It Was A Dark and Stormy Life: When Writing Is Hard

August 9, 2013

Draft Markup

“…You have to sit and tolerate yourself long enough to grind out a shitty draft.” — David Rakoff

Hearing voices

The writer, David Rakoff, died a year ago, August 9. It was hot that day in San Francisco, hot enough in this wintry-in-summer place that I tied up my hair and took off my bra, turned up the radio and listened all day to the author talk in pre-recorded interviews to Terry Gross, David Sedaris, Ira Glass, all the radio literati that loved the man for his writing and spirit, no doubt with even more reverence than mine.

He was 47. He was sharply funny and painfully insightful. In interviews and readings he had the kind of voice I hear in the writers, Anne Lamott, Cheryl Strayed. The kind I asked my therapist about while scratching at the surface of my own writing, “How do they reach that low-belly sound?” Deeply resigned. Full of life. At the same time.

It’s a sound that says, “Life’s a bitch, in slow, criminal strokes, yes it is. When you get used to it, you’ll find that, for this it is remarkable, the dark a matter of reality, the light, indelible.” Their voices descend to rise. They’ve managed to tangle in life’s bedsheets without losing themselves forever so much as fever-ing off the layers that were not they.

What if to live with any salt, to inhabit something meaningful about yourself, you have to submit to your darkness, and grieve it to light? To find that low-belly voice of acceptance and light despite its counterpart, you have to be willing to get grave.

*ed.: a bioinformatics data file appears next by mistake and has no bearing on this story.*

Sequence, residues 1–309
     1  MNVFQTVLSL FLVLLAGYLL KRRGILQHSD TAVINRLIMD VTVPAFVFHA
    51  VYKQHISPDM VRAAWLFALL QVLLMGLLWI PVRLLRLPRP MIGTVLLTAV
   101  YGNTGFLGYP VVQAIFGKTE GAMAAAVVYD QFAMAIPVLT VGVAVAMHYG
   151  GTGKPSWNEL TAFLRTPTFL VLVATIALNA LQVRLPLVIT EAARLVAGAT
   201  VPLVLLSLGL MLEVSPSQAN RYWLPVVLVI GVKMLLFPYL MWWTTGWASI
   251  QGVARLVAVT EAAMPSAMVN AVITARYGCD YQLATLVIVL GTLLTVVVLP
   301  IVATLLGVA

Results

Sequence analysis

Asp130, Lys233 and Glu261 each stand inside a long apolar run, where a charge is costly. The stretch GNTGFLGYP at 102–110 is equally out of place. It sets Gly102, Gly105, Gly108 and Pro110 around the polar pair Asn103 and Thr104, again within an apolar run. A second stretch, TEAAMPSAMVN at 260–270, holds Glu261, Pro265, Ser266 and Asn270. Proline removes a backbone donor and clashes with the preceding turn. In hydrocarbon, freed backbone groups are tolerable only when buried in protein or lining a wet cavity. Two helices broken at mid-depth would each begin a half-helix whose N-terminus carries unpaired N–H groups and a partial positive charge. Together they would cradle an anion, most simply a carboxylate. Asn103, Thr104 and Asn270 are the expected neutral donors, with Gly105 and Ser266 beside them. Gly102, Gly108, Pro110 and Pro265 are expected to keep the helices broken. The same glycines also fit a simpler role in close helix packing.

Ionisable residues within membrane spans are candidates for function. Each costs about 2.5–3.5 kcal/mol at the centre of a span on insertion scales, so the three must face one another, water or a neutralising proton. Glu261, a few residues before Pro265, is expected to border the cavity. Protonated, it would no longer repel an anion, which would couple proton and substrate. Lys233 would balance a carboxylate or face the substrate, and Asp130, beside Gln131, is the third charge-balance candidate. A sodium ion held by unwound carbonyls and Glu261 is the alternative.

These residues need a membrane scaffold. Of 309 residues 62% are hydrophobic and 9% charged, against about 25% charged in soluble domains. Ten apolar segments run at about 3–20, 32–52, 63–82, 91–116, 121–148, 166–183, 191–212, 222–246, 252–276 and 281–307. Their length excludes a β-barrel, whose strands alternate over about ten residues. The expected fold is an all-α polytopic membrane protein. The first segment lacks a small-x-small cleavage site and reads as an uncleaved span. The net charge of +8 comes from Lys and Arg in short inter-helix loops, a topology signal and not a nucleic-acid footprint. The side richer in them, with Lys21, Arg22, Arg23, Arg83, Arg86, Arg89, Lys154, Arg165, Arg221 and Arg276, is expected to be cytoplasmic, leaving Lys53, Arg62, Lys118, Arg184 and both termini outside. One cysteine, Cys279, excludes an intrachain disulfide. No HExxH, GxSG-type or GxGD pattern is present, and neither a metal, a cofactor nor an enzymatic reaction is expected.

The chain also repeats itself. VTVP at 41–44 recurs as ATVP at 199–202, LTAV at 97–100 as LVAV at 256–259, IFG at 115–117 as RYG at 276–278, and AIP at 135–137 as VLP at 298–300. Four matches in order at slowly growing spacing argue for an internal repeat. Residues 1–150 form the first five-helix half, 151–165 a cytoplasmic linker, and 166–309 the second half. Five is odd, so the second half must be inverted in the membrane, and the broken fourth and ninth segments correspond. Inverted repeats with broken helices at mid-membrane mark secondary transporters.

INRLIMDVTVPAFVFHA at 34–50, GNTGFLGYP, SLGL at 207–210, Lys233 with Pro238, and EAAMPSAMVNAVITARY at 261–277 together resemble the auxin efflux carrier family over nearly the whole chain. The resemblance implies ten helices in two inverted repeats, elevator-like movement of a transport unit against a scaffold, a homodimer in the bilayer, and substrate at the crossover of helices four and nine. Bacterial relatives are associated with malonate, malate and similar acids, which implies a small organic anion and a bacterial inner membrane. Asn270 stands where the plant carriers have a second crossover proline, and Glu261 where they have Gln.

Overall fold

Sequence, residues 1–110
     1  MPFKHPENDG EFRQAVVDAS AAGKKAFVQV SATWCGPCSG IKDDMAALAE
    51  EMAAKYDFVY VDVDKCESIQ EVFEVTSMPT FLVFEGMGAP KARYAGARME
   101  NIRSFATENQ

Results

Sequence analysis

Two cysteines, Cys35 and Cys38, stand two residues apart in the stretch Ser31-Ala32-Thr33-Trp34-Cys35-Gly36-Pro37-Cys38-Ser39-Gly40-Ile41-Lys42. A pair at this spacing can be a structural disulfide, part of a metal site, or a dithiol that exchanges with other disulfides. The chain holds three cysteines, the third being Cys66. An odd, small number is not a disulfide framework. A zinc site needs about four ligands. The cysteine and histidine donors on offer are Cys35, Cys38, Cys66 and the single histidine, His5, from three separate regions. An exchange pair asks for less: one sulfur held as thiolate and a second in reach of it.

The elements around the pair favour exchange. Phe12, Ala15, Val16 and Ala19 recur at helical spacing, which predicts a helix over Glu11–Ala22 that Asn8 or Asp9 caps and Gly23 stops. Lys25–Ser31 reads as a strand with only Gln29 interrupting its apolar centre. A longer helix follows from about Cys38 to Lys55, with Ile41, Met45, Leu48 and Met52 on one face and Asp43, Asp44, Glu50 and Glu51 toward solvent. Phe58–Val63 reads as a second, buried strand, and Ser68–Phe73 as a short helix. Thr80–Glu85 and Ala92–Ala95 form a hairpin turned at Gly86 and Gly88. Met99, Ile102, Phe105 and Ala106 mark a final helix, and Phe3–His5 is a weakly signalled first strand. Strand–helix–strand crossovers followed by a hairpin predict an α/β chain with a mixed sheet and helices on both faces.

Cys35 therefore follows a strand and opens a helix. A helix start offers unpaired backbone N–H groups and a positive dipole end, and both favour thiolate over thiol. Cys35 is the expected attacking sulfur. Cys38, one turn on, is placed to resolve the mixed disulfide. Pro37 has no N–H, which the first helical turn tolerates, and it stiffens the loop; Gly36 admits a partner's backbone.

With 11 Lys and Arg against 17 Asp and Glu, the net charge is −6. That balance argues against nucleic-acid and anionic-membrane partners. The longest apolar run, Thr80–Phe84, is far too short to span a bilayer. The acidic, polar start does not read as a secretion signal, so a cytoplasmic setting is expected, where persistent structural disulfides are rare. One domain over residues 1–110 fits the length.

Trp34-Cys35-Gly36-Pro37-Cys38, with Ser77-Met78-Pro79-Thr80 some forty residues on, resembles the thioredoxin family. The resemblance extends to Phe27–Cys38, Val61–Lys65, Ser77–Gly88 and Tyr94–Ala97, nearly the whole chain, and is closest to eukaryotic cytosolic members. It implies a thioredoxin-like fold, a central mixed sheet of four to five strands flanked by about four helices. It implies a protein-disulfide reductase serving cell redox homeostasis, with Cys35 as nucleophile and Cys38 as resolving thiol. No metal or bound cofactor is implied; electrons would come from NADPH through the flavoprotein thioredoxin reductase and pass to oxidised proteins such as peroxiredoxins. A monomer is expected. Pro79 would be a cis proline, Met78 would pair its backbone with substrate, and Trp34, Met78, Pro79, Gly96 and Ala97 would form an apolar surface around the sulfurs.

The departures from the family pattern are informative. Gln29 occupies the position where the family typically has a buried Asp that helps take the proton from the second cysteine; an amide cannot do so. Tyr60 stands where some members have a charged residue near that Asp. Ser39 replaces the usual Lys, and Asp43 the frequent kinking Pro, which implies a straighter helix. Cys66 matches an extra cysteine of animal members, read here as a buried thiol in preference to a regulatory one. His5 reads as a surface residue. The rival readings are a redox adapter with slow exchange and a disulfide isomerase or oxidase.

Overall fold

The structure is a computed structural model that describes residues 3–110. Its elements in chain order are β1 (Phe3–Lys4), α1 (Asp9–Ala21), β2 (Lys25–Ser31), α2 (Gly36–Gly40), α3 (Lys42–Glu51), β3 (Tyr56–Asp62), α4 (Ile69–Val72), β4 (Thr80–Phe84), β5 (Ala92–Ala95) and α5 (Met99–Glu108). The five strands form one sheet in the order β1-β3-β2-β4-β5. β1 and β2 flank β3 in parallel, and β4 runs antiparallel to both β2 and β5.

Getting lost

Rusted behind writers block, for six years, I kept altering my approaches, trolling depths to get something out. One day I hit on a fear that when I wrote, I was submerging myself into another world, my story’s world, and what if I couldn’t come back? What if I got lost over there and couldn’t interact in this world anymore? Or what if I left something of myself over there when I did make it back? I called two friends and asked them to check on me if I ever went too many days without calling them.

I didn’t recognize at the time I was describing grief, the abyss of prior losses, terrified of falling and never landing, never again finding the me I was before I gave in to despair. Neither did I recognize that my grief would be the thing to save me, writing to get through.

Writing changes you. It’s the nature of story: if neither hero nor circumstance changes from beginning to end, then there is little reason for telling it.

Getting found

Authors like Cheryl Strayed, Anne Lamott, Lidia Yuknavitch, David Rakoff, have gone to their personal darkness and reported from it. All have come back from it, breathing, alive, resigned to its magnitude, and pulsing with the life that grows out of it.

Watch this two-minute video of David Rakoff by Sheepscot Creative, and listen to a writer’s writer talk about doing it for the satisfaction of being listened to, the capacity to convince through words, the nature of creativity, and about writing being not just difficult, but really hard.

If you’re afraid of the change, or afraid of facing the page solo, take these writers with you. It’s not rainbows and yellow brick roads. It’s your very own writing journey. So much better.


You can also give me a call. I help people write because I eventually did let go into the dark. And eventually I wrote my way back. You may have to journey to your darkest places alone, but no one said you can’t have people pulling for you and offering support from the sidelines. When the writing begins, sometimes a lot more begins that we didn’t expect. You’re allowed to enlist help. You may journey alone. But you don’t have to write alone.

{ 3 comments… read them below or add one }

Marianne August 9, 2013 at 2:22 pm

Amen, sister Pema. xx
Marianne recently posted..What is your genius?


Pema Teeter August 11, 2013 at 6:46 pm

Amen! Zen Under Fire narratives revisited me while I wrote this. xo


Suzette Clough February 12, 2015 at 7:13 am

Pema…I absolutely love what you wrote in this post…I found your connections to writing, getting lost and the fear of not coming back deeply reassuring in your voicing of them…the shamanic nature of the creative journey and the loss of self are sometimes terrifying…I appreciated your words, your thoughts, your medicine drum. Suzette


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